We feel that in the current environment, investors will continue to favor those companies and sectors that can meet the needs and preferences of consumers in this new paradigm and will shun those that cannot demonstrate viability and growth. Investors may also favor the stronger, larger companies who have the staying power to endure a protracted slower growth era. Therefore, we are modifying the structure and tilt of our allocations to better capture these emerging trends and our belief in a new paradigm for commerce. We will keep an exposure to traditional “value” and “small stocks” as they will undoubtedly have their times in the sun, but we will slightly overweight portfolios to larger companies and growth style investing, predominantly in the US.

We are also reshaping our exposure in a similar fashion to international equity positions. We are moving to the lower end of our Investment policy allocation to foreign equities. We believe Europe and developed Asia will recover, but it will take longer than in the U.S. Emerging economies are already poised to bounce back and we have Emerging markets exposure, but these economies and companies are highly dependent on their much larger trading partners to prosper. They will have to wait until the developed world truly starts to recover.

Finally, we have redeployed our fixed income investments into a broad array of active managers, all of whom adhere more closely to the benchmarks in conservative Investment policies. The primary objective of fixed income, especially in a low interest rate era, is to provide real protection if another sudden shock hits the stock market. We learned once again in the latest panic, that no matter how big and how diversified the fund, when everyone “hits the exits” at the same time, the fund better have a lot of exposure to US backed securities and the highest quality investment-grade bonds. We will employ active bond managers that favor US government backed securities and higher-grade corporate bonds which provide the much-needed Federal government backstop should another panic ensue.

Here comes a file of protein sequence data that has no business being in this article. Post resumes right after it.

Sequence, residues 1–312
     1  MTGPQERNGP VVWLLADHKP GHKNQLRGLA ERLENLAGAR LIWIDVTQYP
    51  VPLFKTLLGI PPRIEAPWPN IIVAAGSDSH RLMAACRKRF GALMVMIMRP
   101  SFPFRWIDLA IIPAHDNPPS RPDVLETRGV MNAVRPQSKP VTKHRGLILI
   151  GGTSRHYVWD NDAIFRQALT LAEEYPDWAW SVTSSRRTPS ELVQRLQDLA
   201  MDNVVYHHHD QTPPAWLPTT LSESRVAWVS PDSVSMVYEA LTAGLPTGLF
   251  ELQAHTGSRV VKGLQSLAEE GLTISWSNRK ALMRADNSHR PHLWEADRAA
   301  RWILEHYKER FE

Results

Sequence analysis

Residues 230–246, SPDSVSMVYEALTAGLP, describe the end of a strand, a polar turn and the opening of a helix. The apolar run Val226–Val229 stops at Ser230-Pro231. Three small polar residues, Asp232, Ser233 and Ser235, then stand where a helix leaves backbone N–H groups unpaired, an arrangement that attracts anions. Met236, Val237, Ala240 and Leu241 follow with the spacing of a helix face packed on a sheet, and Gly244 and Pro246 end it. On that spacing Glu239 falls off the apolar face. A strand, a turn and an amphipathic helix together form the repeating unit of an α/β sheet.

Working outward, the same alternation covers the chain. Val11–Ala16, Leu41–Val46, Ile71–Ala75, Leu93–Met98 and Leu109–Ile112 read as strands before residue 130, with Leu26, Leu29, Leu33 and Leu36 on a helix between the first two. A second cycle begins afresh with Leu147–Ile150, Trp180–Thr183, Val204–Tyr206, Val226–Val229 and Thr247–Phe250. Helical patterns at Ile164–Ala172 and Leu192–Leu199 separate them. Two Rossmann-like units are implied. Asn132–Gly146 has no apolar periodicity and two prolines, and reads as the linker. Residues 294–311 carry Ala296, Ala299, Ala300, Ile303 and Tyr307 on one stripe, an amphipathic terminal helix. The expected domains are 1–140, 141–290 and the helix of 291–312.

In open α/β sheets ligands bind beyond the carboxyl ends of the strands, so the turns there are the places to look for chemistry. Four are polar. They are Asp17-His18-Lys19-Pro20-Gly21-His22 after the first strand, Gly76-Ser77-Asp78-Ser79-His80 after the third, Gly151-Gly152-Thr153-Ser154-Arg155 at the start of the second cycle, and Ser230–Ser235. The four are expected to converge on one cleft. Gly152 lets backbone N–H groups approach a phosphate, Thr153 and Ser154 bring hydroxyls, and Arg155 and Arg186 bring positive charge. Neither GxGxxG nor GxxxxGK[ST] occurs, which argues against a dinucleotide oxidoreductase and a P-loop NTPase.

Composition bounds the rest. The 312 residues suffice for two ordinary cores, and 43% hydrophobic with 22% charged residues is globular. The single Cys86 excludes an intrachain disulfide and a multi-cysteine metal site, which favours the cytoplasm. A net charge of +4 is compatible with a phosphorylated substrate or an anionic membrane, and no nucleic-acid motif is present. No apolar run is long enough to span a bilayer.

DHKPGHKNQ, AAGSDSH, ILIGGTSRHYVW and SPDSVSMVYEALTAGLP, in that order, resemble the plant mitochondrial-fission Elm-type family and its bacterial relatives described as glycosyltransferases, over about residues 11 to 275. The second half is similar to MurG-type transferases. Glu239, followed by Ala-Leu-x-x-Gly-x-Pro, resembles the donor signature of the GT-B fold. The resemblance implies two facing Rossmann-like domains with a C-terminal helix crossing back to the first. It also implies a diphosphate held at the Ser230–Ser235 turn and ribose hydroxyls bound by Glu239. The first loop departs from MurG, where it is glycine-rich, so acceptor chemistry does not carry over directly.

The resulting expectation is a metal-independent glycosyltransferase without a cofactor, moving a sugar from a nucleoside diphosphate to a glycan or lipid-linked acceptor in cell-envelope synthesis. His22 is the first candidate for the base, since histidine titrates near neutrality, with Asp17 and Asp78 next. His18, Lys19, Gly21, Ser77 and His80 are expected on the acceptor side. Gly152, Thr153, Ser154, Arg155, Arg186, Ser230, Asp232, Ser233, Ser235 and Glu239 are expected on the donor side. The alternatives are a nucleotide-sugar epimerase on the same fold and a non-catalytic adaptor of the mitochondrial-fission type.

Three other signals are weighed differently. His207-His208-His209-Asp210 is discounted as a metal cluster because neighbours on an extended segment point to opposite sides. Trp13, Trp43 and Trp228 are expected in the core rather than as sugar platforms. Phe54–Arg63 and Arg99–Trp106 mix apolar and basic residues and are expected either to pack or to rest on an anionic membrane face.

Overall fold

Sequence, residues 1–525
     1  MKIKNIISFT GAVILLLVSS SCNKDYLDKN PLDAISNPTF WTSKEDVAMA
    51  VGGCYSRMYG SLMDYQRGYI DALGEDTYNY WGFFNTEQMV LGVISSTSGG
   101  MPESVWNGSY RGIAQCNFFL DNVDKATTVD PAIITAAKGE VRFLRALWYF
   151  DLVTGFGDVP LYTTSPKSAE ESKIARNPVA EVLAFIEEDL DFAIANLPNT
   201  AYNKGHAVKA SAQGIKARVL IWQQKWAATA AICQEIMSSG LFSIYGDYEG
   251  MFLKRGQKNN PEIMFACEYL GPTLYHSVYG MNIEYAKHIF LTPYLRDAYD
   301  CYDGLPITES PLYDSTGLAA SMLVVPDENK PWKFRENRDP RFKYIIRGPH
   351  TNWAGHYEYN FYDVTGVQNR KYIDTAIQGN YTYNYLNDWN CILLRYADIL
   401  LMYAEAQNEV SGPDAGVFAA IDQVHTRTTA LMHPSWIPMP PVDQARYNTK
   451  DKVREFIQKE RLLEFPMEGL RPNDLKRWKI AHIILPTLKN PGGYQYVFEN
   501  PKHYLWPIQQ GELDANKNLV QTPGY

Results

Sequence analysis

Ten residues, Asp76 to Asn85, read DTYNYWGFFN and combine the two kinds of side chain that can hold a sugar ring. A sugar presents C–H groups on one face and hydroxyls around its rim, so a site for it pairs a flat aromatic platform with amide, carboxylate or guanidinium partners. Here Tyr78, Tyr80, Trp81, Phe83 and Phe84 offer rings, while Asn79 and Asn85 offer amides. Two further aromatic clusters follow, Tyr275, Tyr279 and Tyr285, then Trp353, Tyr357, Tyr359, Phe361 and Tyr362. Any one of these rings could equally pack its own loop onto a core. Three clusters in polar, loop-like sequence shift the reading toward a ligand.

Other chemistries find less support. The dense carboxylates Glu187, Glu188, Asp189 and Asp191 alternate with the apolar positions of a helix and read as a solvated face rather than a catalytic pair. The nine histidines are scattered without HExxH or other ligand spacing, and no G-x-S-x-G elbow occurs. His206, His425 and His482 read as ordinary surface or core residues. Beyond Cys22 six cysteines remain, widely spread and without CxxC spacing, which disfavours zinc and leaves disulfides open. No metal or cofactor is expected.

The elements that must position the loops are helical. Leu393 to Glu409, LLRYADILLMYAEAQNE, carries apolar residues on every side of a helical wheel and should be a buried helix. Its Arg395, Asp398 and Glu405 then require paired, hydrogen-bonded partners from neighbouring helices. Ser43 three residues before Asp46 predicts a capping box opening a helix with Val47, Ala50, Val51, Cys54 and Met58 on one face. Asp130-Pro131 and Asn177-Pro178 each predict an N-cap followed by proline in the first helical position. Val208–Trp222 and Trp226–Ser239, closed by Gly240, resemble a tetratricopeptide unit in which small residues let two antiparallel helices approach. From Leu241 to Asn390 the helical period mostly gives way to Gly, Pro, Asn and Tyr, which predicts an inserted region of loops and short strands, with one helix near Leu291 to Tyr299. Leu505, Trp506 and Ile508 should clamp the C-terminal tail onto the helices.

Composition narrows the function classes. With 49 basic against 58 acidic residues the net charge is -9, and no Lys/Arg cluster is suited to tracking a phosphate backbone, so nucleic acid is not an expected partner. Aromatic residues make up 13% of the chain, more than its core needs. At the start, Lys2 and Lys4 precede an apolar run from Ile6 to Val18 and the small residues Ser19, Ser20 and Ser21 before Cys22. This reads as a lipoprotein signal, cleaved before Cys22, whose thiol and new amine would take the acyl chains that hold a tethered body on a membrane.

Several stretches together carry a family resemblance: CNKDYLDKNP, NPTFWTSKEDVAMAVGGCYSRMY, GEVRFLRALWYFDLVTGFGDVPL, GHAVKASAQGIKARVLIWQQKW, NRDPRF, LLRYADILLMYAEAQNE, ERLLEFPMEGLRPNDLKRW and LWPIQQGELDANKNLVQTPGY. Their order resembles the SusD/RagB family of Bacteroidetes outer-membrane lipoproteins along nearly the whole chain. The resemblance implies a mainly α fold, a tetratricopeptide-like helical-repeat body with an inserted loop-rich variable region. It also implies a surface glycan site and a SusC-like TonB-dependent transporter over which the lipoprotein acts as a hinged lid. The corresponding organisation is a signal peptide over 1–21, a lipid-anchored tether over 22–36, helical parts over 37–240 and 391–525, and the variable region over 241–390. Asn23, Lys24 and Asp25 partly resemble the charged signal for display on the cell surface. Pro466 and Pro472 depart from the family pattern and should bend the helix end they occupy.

Impacts on portfolios: For “moderate” risk portfolios (traditionally a 60% stock/40% bond), we will move over time to a 45% US Equity, 15% foreign and 40% exposure to fixed income. Conservative and aggressive portfolios will be rebalanced similarly but will reflect their appropriate risk exposure by their mixture of stocks and bonds.

I know you are busy and have many important issues now, but we would appreciate your review, consideration, and feedback of these letters. It has been a wild ride, but one that we at Deschutes are well prepared to help you navigate while keeping with your goals and dreams still alive. As it has been said at many critical junctures in history; we will endure, persevere, and one day prosper again.

Thank you and best regards,

MacGregor “Mac” Hall